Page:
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History of Gabrovo

Gabrovo originated during the Middle Ages as a strategic settlement in the proximity of the Balkan Mountain passes. According to the legend Racho Kovacha (Racho the Blacksmith) established the settlement, but there is no explicit evidence in support of this statement.

At the end of the 12th century due to the proximity of the town to the capital of the Bulgarian state Turnovo, the handcrafts and trade developed here as well as crafts related to the maintenance and guard of the passes through the Balkan mountain - blacksmiths, armour and weapon smiths, etc.

The first known name of the settlement dates back to 1430 (already under the Ottoman Rule) - Gabruva, and todays name - Gabrovo appeared as late as the 17th century. The name comes from the horn-beam tree (Carpinus betulus, in Bulgarian gaber). During the years of Ottoman Rule Gabrovo was a big craftsmanship and trade centre. During the 19th century 26 crafts were practiced here - blacksmiths (horseshoes), knives and cutlery, pottery, manufacture of braids, leather processing and tailoring, silkworm breeding and a lot of others. The first manufacturing enterprise Ivan K. Kalpazanov opened in 1860  a textile factory. In the same year Gabrovo was proclaimed a town. Felix Kanits said about it that during the 70-es of the 19th century Gabrovo is a big workshop and that it is a town living on water, having in mind the widely used waterpower. The good quality of the Gabrovo made articles was known all over the Ottoman Empire and even beyond it. There is a street in Bucharest now still named Gabroveni.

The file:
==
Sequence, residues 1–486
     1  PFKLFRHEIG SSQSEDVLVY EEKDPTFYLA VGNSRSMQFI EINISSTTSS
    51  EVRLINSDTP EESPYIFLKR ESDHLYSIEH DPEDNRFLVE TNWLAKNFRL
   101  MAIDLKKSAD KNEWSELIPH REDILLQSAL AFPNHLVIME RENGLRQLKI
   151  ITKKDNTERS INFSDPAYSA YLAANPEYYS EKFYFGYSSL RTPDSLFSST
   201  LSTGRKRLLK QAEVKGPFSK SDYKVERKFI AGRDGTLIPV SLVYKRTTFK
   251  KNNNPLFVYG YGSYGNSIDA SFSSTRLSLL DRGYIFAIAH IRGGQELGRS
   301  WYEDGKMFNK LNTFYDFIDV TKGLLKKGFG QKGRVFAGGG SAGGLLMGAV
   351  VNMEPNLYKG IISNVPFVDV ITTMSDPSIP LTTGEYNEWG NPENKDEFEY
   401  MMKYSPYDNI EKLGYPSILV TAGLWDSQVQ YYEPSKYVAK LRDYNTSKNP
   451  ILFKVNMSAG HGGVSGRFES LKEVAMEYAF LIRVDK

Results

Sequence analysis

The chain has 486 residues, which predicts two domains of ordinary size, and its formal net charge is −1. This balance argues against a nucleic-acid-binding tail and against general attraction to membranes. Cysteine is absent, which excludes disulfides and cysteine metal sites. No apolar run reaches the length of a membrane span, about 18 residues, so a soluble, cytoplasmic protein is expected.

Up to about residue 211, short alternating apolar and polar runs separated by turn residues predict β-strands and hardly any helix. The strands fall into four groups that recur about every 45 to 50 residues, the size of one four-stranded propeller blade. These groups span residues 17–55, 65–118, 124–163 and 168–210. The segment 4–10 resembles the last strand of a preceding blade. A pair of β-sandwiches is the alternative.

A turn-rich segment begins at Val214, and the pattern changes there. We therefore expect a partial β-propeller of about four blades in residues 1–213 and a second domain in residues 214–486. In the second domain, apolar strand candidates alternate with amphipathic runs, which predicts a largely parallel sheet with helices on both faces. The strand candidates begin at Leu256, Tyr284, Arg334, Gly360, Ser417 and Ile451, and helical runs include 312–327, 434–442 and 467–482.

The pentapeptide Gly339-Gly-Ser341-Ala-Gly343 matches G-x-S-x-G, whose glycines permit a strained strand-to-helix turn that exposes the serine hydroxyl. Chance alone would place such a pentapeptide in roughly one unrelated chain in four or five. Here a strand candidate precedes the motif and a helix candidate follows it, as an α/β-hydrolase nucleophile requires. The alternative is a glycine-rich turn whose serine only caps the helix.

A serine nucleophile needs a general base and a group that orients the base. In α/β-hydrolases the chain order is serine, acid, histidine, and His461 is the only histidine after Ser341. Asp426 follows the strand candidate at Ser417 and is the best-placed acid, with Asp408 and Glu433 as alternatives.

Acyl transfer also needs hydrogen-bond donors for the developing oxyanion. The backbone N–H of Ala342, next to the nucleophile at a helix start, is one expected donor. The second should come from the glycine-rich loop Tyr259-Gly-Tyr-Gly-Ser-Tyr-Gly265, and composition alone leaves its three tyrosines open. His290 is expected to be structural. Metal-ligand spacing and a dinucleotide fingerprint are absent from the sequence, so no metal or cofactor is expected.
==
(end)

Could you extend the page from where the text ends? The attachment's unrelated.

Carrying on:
The quick economic growth and the national revival were the reason for the opening of the first Bulgarian secular school called after the name of its founder - Vassil Aprilov as early as in 1835. In 1872 it grew into a secondary school and in 1889 it was called Aprilovs High School, functioning up to date. Beautiful Revival houses, churches, bridges, drinking-fountains, a clock tower (1835) were built then. The inhabitants of the town took an active part in the Uprising of Captain Dyado (Grandfather) Nikola in 1856, in the Turnovo Uprising of 1862, in the detachments of armed volunteers of Hadzhi Dimitur and Stefan Karadzha (1868), of Hristo Botev (1876), of Tsanko Dyustabanov (1876 - completely formed in Gabrovo). In 1868 Levski set up a revolutionary committee here. The town is the birthplace of Vassil Aprilov, Tsanko Dyustabanov, Pop (Priest) Hariton, the composer Emanuil Manolov and a lot of others.

Gabrovo continued to develop as the biggest textile centre of Bulgaria after the Liberation and it was not by accident that it was nicknamed the Bulgarian Manchester. The town has been famous for the stinginess and sharp-wittedness of its inhabitants from time immemorial due to which the unique in the world House of Humour and Satire is located here. 

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